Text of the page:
Use descriptive praise that conveys realistic, attainable standards

Some praise is merely about making a judgment “Good job!” Other praise provides information about what the recipient did right: “I like the way you begin your essay by describing the problem and explaining why it’s important.” The latter is called descriptive praise, and it is thought to be more helpful than general praise

Be careful about praising kids for achievements that come easily

If you praise kids for easy tasks, kids may conclude there is something wrong: Either you’re too dumb to realize how easy the task is, or you think the kids are dumb. Such interpretations are unlikely to occur to younger children. But as kids mature, they become more sophisticated about the social meaning of praise

Be careful about praising kids for doing what they already love to do

It’s okay to praise kids for doing what they like to do. But be careful not to go overboard—particularly with older kids. When you praise kids every time they do something they enjoy, it might actually reduce their motivation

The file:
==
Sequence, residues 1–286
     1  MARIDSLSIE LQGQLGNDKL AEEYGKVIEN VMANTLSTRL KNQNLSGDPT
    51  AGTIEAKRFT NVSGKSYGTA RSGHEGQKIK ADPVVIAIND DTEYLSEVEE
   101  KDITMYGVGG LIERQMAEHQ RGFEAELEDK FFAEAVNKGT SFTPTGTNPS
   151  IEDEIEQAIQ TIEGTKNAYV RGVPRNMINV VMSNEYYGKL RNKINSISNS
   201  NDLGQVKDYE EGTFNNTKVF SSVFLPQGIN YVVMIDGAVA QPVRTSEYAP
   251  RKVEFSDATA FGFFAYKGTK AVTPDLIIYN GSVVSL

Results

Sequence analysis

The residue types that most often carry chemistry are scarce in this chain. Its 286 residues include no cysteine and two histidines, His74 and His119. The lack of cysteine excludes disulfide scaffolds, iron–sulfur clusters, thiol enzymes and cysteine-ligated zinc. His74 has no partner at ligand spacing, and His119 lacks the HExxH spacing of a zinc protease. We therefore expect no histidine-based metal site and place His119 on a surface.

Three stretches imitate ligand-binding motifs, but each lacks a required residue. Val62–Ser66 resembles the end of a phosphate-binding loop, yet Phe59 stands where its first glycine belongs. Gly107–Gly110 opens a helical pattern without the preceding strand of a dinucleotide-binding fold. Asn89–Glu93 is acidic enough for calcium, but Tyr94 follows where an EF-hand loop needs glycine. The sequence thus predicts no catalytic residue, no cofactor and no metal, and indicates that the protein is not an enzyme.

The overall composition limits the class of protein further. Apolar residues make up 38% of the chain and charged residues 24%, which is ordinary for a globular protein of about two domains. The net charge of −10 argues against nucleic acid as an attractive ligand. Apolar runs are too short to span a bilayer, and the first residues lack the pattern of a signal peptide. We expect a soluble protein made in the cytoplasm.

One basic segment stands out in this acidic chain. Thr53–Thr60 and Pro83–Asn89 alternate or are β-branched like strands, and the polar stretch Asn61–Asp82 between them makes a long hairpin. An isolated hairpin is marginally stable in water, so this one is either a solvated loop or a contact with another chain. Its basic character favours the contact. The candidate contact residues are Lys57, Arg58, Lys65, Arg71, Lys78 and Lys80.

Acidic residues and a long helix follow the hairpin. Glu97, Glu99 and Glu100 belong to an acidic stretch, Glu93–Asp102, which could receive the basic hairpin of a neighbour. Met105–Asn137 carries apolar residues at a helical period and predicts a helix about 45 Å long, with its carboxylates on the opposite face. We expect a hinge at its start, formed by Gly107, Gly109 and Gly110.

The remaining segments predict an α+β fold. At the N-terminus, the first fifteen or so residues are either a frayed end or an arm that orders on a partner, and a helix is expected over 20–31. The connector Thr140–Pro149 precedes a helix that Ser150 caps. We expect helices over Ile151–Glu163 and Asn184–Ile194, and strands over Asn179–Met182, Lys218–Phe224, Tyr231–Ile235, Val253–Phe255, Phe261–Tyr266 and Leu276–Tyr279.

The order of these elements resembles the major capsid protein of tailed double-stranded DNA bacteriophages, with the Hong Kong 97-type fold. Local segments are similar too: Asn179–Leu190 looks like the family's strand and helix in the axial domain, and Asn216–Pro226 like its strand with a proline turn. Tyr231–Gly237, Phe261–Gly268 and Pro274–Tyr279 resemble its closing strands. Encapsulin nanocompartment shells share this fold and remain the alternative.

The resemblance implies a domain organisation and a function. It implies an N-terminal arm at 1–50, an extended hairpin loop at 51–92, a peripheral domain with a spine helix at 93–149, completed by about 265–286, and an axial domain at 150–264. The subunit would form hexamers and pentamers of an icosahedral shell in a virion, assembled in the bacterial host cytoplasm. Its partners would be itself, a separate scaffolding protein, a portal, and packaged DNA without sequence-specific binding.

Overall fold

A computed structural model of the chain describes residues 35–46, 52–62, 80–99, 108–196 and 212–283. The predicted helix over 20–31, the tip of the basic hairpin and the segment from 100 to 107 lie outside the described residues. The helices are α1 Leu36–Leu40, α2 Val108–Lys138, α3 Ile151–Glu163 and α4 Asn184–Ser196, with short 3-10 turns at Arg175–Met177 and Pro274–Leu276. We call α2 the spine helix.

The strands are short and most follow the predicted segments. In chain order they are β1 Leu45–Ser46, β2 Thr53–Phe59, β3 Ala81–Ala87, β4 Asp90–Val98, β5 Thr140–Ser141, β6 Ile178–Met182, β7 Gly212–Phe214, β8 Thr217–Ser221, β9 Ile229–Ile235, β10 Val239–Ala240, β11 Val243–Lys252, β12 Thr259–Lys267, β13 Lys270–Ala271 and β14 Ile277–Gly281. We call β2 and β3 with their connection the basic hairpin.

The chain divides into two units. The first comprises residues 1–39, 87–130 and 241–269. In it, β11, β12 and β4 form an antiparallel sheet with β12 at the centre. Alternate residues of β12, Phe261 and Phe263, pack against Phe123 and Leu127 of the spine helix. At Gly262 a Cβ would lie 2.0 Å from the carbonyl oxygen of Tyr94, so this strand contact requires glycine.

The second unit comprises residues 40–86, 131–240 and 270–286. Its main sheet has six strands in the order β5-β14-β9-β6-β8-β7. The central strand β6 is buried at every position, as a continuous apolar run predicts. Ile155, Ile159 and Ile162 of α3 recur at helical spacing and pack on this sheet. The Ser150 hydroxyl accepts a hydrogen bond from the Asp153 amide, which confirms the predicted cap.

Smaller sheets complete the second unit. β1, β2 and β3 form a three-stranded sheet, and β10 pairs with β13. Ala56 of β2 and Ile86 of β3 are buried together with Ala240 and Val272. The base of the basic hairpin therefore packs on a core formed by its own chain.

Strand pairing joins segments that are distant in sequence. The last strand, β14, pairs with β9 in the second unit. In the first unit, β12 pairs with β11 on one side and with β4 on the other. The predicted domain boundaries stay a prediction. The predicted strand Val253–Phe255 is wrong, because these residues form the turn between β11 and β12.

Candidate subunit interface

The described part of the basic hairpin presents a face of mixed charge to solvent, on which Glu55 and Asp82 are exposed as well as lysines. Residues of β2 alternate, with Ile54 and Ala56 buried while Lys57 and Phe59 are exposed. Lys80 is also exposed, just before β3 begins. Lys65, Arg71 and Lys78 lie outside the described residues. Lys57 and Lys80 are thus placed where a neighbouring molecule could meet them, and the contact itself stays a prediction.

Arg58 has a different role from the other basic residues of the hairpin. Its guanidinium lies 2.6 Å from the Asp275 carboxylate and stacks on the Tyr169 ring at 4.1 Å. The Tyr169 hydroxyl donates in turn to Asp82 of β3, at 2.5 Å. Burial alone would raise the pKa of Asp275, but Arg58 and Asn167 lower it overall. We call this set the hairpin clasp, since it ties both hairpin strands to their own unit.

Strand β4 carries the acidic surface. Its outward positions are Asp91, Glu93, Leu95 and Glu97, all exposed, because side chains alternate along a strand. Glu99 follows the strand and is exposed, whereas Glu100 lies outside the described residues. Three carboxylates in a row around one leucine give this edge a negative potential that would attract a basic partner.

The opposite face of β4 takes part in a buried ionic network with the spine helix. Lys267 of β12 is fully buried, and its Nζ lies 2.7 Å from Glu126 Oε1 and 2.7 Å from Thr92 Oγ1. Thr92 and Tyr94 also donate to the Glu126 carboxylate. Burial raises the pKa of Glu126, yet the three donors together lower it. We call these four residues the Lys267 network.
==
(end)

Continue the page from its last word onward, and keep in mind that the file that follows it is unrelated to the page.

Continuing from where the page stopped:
Encourage kids to focus on mastering skills—not on comparing themselves to others

Social-comparison praise is only motivating as long as kids continue to finish first. If their competitive edge slips, kids are likely to lose motivation. In essence, kids who are accustomed to social-comparison praise become poor losers. Also social-comparison praise teaches kids that competitive standing, not mastery, is the goal.



Sunday, February 10, 2013

Activities to improve your child's thinking skills

  • Encourage pretend play:  Let your child be the “director.” This helps her develop her own ideas. It also strengthens her thinking skills as she uses logic in her play: The dog has to go back in his house because it’s raining. You can help her develop her ideas by asking questions: What is the doggy feeling? Why? What might happen next?